Saturday, December 05, 2015

Bungling Britain again

The case against a man has been dropped after police lost vital video tapes showing him admitting assaulting a nine-year-old girl.

The man initially admitted the attack during a police interview and recordings of the conversation were due to be presented in court after he pleaded not guilty.

But the case was dropped after police admitted they had lost the video of the interview.

The Crown Prosecution Service (CPS) told the family it had 'no alternative' to drop the case because there was not 'a realistic prospect of conviction' without the tapes.

Nottinghamshire Police have now launched an investigation and promised to take 'robust' action.

The family of the girl, who cannot be named for legal reasons, yesterday spoke of their disgust at the mistake.

A spokesman for the family said: 'She is the child, she is the vulnerable one, the police should be looking after her.

'It is so unjust for the evidence to disappear.

'The police need to be accountable, even more so because this offence is against a young child.'

In the letter from the CPS, the family were told that the man, from Clifton, Nottingham, admitted in a police interview that he had assaulted the girl.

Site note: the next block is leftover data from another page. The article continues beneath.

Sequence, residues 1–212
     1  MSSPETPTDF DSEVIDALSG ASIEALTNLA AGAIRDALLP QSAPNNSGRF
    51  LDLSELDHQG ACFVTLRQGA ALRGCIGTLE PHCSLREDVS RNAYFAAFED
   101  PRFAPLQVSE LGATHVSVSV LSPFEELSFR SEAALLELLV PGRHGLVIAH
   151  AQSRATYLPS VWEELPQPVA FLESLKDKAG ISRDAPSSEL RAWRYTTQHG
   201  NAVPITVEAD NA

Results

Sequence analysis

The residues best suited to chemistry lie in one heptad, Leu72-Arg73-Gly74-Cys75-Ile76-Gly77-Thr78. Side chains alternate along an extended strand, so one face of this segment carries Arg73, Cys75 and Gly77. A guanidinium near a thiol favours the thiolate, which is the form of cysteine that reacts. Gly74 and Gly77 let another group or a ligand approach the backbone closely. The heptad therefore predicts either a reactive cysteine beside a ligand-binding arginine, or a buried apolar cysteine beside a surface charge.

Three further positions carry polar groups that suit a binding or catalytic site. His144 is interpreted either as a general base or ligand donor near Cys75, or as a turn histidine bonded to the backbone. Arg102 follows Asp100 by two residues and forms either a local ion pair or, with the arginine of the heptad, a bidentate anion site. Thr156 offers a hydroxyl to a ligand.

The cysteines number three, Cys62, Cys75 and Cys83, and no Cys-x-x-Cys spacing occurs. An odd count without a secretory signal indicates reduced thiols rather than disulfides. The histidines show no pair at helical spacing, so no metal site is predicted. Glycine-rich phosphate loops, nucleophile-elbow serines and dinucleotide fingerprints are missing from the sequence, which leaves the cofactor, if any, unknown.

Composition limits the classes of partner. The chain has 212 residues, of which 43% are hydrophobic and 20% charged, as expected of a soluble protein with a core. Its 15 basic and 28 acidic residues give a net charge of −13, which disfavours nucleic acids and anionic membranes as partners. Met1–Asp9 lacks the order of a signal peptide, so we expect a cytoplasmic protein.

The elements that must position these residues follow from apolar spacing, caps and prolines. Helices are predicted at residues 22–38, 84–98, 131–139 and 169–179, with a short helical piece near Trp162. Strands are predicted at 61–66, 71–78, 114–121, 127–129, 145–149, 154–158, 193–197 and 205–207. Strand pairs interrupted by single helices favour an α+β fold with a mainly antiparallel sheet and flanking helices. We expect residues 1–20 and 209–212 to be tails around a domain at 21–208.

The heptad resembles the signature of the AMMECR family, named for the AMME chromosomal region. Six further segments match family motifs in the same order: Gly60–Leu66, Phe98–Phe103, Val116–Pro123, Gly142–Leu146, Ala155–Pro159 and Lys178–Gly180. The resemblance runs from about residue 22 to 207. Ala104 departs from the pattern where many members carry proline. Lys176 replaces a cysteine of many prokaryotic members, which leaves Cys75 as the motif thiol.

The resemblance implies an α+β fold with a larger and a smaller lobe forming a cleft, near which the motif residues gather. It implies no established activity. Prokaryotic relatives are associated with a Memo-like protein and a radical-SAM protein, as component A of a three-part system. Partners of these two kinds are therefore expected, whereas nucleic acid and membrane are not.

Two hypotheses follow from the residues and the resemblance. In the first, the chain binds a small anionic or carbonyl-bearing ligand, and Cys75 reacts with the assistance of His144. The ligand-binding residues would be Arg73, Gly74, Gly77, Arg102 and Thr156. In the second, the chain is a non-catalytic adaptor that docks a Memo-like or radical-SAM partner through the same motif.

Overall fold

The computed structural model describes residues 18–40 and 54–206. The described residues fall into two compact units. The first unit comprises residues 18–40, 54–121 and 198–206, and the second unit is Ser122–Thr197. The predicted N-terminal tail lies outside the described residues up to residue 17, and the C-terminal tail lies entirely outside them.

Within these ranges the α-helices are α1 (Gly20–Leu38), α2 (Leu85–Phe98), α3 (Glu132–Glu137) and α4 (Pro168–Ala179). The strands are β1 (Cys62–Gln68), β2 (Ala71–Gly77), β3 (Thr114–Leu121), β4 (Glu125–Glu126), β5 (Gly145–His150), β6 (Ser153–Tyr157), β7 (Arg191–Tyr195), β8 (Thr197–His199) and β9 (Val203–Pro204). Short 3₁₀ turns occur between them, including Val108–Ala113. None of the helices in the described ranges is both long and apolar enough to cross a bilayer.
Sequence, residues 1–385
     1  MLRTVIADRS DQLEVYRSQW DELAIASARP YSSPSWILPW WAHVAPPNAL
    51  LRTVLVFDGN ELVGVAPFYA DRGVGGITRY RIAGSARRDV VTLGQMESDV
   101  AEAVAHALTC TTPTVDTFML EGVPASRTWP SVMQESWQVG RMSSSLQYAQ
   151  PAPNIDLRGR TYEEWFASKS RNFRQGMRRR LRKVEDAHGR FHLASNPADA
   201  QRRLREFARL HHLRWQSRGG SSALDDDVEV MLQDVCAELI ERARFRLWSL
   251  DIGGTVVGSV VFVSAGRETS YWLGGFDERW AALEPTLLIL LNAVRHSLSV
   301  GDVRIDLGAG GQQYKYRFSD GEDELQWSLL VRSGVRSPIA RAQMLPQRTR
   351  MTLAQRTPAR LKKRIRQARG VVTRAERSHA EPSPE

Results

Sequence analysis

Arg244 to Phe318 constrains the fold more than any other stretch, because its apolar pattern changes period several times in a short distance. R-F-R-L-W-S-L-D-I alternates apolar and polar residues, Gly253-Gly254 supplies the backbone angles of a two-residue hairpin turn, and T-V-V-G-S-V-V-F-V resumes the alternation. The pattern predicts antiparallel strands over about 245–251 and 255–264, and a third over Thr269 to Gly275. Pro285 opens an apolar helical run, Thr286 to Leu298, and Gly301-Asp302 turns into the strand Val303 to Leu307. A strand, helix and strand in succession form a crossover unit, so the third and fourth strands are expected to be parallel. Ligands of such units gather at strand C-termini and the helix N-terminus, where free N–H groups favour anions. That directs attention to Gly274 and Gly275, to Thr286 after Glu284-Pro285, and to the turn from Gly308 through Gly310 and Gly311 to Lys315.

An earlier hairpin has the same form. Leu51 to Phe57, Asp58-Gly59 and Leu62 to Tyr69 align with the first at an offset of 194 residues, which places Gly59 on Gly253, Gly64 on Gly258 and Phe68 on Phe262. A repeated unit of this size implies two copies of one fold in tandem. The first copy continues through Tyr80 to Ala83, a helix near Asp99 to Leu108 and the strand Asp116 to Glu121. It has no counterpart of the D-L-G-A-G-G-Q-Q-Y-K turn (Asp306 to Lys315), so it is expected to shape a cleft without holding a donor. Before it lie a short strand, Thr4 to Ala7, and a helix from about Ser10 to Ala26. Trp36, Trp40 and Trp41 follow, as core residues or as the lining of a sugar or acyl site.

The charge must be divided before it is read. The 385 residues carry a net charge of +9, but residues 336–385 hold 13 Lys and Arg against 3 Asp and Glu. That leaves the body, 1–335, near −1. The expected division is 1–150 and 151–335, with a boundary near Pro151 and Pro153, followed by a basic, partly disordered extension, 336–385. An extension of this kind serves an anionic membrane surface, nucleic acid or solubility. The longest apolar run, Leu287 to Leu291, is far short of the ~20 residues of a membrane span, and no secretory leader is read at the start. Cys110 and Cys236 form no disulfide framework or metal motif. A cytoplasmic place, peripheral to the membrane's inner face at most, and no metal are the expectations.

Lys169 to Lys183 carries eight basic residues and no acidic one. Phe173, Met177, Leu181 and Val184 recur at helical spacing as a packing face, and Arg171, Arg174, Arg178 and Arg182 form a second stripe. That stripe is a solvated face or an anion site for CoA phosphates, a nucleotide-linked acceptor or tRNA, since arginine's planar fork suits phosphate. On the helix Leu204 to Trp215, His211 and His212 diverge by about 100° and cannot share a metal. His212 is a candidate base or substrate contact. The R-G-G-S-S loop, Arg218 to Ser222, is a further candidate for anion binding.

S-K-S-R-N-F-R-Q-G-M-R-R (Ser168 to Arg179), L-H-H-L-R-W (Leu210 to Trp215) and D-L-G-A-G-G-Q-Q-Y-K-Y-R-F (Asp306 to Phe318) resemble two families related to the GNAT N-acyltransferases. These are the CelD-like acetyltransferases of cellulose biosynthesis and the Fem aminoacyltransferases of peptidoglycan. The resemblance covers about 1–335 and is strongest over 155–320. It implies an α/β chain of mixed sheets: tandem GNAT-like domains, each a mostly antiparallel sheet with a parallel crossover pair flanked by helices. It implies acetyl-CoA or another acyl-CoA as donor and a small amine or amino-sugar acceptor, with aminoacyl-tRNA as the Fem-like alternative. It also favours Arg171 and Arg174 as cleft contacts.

It added that the CPS had requested the video from Nottinghamshire Police, which would form part of the evidence for a trial due to take place this month.

The letter stated: 'Unfortunately, we have been told by the police that the master tape and the working copy of the tape are missing and that they are not able to locate them. 'Without this evidence, we are not able to prosecute the case.'

A CPS spokesman said: 'We can confirm we required tapes from the defendant's police interview to prove the case but were told by the officer in the case that they were not available. 'Without this material, there was insufficient evidence to proceed, so the case was stopped.'

A spokesman for Nottinghamshire Police said the decision to stop the case would form part of an investigation by the force's professional standards directorate.

He added: 'Our officers and staff are held to the highest standards of professionalism and if the investigation shows that we have fallen short of these standards, robust, appropriate action will be taken.

'We have apologised to the family for the distress this incident has caused and we would like to reassure the public that every precaution will be taken to ensure there is no repeat in the future.'

The force converted to a digital system just two months ago, which officers said would 'remove the reliance on physical media such as tapes and DVDs'. The move will also ensure all interviews are 'recorded in digital format and securely, centrally stored'.

Original report here

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